There's the black and cream ones I always have, though I do need a couple of grey gloves, I am from Melbourne!

Then there are the couple of colours I currently have.

And, finally,

the chunky ones! Two are handspun and the other is from a stash dive with amazing buttons.

I have made an aweful lot of these fingerless mittens with buttons, over 150 if my records are to be believed, and the spreadsheet never lies, though I can hardly believe it! What makes it even more unbelievable is that each one is different. Sometimes it's just the yarn and I knit the square in stocking stitch with the thumb and the borders in moss stitch. That's my standard pattern, but alot are diving into the stitch books and playing with different stitches.

Anyway, I hope you like them and if you want to become a known customer head over to the fingerless mitten section of my Etsy shop.

Hope to hear from you,

Cheers, Teresa


Wednesday, 7 August 2013

Samoyed and new toys!

Eventually you have to get on with things. I've finally managed to catch up with the lovely Samoyed owner W and discussed progress on the spinning and weaving of a blanket from her lovely Samoyed fur. Many things had to align for us to finally have an excited and exciting discussion. We're both passionate about this project, I for the challenge it will be and for W, the promise of a wonderful reminder of a friend.

Here is the bags of fur that I now have to spin!

It also means that I do feel the pressure and was highly delighted when I showed her the small spun samples and the little bit of weaving that I had done. The weaving was done on a weave-it loom, which is only a square with nails and gives a fairly rough approximation of the final product. Fortunately, her immediate response was positive!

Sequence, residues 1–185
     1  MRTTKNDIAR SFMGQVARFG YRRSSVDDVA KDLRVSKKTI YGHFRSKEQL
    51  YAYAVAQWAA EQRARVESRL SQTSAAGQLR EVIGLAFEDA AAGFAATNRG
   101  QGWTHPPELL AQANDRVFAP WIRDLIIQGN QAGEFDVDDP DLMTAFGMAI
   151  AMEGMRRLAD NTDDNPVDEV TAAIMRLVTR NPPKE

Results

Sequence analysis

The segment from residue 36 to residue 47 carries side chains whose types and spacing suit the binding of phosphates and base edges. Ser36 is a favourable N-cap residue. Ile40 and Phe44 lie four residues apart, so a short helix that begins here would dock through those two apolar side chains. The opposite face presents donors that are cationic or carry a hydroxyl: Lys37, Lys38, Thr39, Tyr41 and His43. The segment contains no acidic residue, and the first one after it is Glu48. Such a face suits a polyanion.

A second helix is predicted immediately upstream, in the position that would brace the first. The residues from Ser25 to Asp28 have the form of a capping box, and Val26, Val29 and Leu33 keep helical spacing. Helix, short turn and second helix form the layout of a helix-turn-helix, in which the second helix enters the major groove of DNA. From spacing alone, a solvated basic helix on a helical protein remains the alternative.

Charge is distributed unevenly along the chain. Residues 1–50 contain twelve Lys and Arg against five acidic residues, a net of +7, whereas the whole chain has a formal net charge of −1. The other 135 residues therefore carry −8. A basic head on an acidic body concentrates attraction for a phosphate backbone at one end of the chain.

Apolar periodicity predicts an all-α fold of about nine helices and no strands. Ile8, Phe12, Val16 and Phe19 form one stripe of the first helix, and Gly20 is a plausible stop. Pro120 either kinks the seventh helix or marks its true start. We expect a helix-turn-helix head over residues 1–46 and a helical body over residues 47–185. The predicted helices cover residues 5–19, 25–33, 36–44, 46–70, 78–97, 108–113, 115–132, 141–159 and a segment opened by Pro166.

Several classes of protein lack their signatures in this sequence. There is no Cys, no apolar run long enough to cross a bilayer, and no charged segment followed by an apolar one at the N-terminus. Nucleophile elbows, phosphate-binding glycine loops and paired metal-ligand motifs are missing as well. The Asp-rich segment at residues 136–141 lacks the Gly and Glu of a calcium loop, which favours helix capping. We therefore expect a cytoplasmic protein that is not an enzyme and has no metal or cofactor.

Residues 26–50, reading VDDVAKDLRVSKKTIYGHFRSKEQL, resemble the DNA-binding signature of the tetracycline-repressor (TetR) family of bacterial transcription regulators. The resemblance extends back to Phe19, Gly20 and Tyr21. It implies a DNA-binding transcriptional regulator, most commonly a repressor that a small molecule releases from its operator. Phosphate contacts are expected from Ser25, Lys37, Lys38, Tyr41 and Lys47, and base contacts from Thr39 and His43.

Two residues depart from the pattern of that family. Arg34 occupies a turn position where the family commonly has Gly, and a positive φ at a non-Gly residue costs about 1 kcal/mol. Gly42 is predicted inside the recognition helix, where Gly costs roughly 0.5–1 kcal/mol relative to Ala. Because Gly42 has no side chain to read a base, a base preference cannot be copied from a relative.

In testing out the spinning I used my small wool combs and loved the result so much that I determined to buy the much bigger English combs when I went to the Australian Sheep and Wool show in Bendigo in July. I've been playing with these monsters ever since, and just love the speed of preparation and the resulting ease of spinning. It is these that I will use to prepare the Samoyed for spinning.

Now I'm off to spin up some the wonderful wool top from Andyle to make into lovely natural coloured neckwarmers. I've just realised that without really thinking, I've been doing the right thing. In the middle of winter, when I can't really get any dyeing done as there's nowhere to dry and the boys don't really appreciate having their bathroom taken over by slow drying skeins, I spin natural wool tops that I get at the sheep show. It makes so much sense. Now, I have to make a special big effort over the summer to do alot of dyeing!

Friday, 28 June 2013

Last day of my Winter Residency

And the sun comes out! It's all finished, we've cleaned up and prettied ourselves up and ready to share our work during the Open Studio happening this weekend.

It's been an interesting month and I feel quite pleased that I nearly managed to do all the work I set out to do. I didn't quite do enough drawing, but I did complete two BIG works, now called Cavern and Tower. Crocheting video tape is not easy and I was worried about my hands getting tired or sore, but all is well.

The only two things I would make sure that I do if/when I do another residency is:

1. as much as possible, check out the surrounding area. I wanted to interact with my little bit of Abbotsford, but really needed to do a few good walks to see if I could find good places to sketch, any businesses where I might find materials and anything else of interest.

2. take the weather into account. I know it's Winter, but didn't really plan for the reality that I wasn't going to sit in the sunshine and sketch.

Minor issues really, so it's been FUN!

Hope to see you at the Open Studio.

Thursday, 27 June 2013

On the nature of inspiration

Artists are often asked about their source of inspiration, often, the response is to make a detailed, wordy and esoteric artists' statement or else something along the lines of  'the world around me' (a response I tend to favour!) Neither go to the heart of what can explain the source of an artists' inspiration.